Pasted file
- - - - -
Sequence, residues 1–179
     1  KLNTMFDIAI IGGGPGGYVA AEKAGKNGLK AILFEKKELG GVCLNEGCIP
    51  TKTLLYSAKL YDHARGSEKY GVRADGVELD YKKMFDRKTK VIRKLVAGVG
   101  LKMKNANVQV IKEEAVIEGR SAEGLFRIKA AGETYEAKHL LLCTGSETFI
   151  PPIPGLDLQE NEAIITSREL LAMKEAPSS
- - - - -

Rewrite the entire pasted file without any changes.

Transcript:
Sequence, residues 1–179
     1  KLNTMFDIAI IGGGPGGYVA AEKAGKNGLK AILFEKKELG GVCLNEGCIP
    51  TKTLLYSAKL YDHARGSEKY GVRADGVELD YKKMFDRKTK VIRKLVAGVG
   101  LKMKNANVQV IKEEAVIEGR SAEGLFRIKA AGETYEAKHL LLCTGSETFI
   151  PPIPGLDLQE NEAIITSREL LAMKEAPSS